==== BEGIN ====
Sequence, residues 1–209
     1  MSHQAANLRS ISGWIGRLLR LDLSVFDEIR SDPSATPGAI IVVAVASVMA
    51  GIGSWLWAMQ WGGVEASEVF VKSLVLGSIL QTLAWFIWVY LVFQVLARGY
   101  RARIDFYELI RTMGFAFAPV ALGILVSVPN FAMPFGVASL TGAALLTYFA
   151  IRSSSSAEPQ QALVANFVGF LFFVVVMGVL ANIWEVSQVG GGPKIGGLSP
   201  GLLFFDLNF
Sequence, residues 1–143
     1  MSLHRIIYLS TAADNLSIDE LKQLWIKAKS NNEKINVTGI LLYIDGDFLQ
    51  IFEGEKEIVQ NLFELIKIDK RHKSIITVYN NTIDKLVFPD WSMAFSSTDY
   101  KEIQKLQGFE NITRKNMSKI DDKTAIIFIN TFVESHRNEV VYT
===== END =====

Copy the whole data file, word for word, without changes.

Sequence, residues 1–209
     1  MSHQAANLRS ISGWIGRLLR LDLSVFDEIR SDPSATPGAI IVVAVASVMA
    51  GIGSWLWAMQ WGGVEASEVF VKSLVLGSIL QTLAWFIWVY LVFQVLARGY
   101  RARIDFYELI RTMGFAFAPV ALGILVSVPN FAMPFGVASL TGAALLTYFA
   151  IRSSSSAEPQ QALVANFVGF LFFVVVMGVL ANIWEVSQVG GGPKIGGLSP
   201  GLLFFDLNF
Sequence, residues 1–143
     1  MSLHRIIYLS TAADNLSIDE LKQLWIKAKS NNEKINVTGI LLYIDGDFLQ
    51  IFEGEKEIVQ NLFELIKIDK RHKSIITVYN NTIDKLVFPD WSMAFSSTDY
   101  KEIQKLQGFE NITRKNMSKI DDKTAIIFIN TFVESHRNEV VYT